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Cheap wash can prove expensive

Question : THE engine of my six-month-old Toyota Vios needs washing due to an oil spill.

I'm thinking of going to a roadside car wash as it's cheaper. But friends say that should water enter certain engine components during washing, the engine can malfunction and eventually require expensive repairs.

Answer : USING electronic components to reduce exhaust pollution and maintenance cost is commonplace these days. In fact, cars now hardly use traditional mechanical metering of fuel using carburetors and the ignition distributor to control ignition. Instead, fuel and ignition are controlled by a single module known as the Electronic Control Unit (ECU).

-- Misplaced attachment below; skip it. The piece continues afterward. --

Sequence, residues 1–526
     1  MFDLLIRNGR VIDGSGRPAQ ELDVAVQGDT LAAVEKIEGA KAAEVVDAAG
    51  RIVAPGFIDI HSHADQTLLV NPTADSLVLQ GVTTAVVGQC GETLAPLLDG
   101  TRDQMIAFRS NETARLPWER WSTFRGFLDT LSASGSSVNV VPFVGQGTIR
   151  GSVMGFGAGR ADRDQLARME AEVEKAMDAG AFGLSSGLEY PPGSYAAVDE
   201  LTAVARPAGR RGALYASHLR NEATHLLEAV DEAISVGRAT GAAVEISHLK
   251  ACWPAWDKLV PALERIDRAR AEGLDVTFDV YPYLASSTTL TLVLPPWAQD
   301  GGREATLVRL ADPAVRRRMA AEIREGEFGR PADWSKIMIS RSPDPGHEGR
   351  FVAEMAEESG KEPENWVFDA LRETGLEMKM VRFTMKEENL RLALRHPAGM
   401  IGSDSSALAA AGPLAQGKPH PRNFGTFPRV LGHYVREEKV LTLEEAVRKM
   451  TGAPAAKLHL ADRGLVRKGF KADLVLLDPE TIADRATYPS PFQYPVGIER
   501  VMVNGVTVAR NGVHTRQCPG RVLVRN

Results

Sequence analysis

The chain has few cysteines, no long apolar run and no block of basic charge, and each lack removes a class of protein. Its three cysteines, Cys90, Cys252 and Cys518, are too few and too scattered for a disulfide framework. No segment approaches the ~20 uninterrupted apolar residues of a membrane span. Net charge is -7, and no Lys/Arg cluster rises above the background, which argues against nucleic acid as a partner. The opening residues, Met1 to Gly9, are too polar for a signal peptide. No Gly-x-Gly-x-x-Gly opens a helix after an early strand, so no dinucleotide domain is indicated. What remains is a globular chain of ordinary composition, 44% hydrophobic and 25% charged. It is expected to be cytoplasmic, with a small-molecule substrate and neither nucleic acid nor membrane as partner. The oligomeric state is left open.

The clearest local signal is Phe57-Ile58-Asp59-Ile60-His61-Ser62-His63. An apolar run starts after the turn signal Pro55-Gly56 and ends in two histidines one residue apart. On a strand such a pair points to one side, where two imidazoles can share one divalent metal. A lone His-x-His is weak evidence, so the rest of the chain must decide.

Electronic components are very sensitive to static electricity and moisture due the extremely small currents that flow through their circuitry. Any minor disruption is likely to result in a malfunction. So no moisture should enter any of the electronic circuitry under any circumstances.

Washing the engine with a pressure washer would certainly result in moisture entering the electronic components, unless they are protected in the first place.

I suggest you take your vehicle to your local authorised Toyota workshop for cleaning, even though it may cost more. 

 
   
 

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